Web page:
an act of storing by a first computer system a typed data object, wherein the typed data object defines a method associated with a first portion of a distributed application, wherein the typed data object comprises:
typed application data comprising at least one typed object parameter for invoking the method, wherein the at least one typed object parameter is in a format compatible with the first portion of the distributed application and with a second portion of the distributed application on a second computer system; and
at least one message contract attribute of a message contract model, wherein the at least one message contract attribute annotates the typed data object such that the at least one message contract attribute is adjacent to the at least one typed object parameter, wherein the at least one message contract attribute defines a mapping between the at least one typed object parameter and a corresponding SOAP element, and wherein the at least one message contract attribute specifies a location within a SOAP envelope for inserting the corresponding SOAP element;
an act of accessing the typed data object;
an act of mapping the at least one typed object parameter to the corresponding SOAP element by referring to the at least one message contract attribute that annotates the accessed typed data object;
an act of inserting the corresponding SOAP element into the location within the SOAP envelope in accordance with the at least one message contract attribute; and
an act of transmitting the SOAP envelope to the second portion of the distributed application on the second computer system.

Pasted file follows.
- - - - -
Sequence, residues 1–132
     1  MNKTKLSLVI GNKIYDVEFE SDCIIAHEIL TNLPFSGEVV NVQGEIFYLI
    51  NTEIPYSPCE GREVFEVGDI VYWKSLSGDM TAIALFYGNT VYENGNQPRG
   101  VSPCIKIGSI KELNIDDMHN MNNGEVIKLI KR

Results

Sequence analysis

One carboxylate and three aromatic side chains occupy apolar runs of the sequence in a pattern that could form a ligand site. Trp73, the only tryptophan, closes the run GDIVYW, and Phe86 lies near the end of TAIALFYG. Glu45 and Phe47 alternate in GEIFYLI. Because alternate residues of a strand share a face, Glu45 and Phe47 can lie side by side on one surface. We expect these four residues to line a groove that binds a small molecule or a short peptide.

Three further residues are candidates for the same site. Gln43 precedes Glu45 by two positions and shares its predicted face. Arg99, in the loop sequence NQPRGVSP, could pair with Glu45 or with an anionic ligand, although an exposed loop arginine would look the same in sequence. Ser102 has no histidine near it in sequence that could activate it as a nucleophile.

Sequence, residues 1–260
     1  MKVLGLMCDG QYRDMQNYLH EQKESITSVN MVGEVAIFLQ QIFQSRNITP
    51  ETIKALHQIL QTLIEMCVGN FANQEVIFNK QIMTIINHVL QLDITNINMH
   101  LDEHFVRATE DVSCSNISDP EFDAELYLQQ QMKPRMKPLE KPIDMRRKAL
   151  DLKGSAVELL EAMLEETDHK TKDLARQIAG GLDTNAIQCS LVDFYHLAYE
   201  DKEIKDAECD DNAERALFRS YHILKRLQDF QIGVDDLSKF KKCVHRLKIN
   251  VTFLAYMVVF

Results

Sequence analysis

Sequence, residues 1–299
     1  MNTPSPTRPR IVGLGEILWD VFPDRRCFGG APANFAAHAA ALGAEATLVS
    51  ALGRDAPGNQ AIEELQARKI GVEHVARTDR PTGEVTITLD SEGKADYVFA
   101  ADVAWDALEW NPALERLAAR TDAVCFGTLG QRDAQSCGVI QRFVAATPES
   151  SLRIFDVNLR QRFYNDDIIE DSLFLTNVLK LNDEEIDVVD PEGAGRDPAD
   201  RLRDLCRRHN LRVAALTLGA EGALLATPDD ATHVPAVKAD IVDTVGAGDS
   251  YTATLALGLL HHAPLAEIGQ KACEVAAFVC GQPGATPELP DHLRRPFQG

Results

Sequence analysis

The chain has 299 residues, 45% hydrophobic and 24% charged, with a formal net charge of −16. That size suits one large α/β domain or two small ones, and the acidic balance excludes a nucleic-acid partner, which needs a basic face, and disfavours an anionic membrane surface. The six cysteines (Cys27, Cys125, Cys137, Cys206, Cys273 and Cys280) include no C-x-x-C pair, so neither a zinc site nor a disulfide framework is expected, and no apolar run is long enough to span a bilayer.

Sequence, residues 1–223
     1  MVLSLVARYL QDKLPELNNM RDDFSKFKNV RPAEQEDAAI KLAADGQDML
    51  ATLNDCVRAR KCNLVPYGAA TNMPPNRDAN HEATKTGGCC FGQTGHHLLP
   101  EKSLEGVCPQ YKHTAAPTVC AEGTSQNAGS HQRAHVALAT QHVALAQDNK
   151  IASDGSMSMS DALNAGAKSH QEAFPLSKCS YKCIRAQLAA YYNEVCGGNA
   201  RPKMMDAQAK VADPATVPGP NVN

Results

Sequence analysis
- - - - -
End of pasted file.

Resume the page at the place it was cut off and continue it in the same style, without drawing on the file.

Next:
25. The computer-implemented method as recited in claim 24, wherein the act of accessing the typed data object comprises accessing a public class that represents parameters to a Common Language Runtime method.
26. The computer-implemented method as recited in claim 24, wherein the act of accessing the typed data object comprises accessing a public class that represents a Common Language Runtime method return value.
27. The computer-implemented method as recited in claim 24, wherein the act of mapping the typed object parameter to the corresponding SOAP element comprises serializing the typed object parameter to the corresponding SOAP element.
28. The computer-implemented method as recited in claim 24, wherein the act of inserting the corresponding SOAP element into the location within the SOAP envelope comprises an act of inserting the corresponding SOAP element into a header portion of the SOAP envelope in accordance with the at least one message contract attribute.
29. The computer-implemented method as recited in claim 24, wherein the act of inserting the corresponding SOAP element into the location within the SOAP envelope comprises an act of inserting the corresponding SOAP element into a body portion of the SOAP envelope in accordance with the at least one message contract attribute.
30. The computer-implemented method as recited in claim 24, wherein the typed data object comprises at least a first typed object parameter that is mapped to a header portion of the SOAP envelope in accordance with a first message contract attribute, and wherein the type data object further comprises at least a second typed object parameter that is mapped to a body portion of the SOAP envelope in accordance with a second message contract attribute.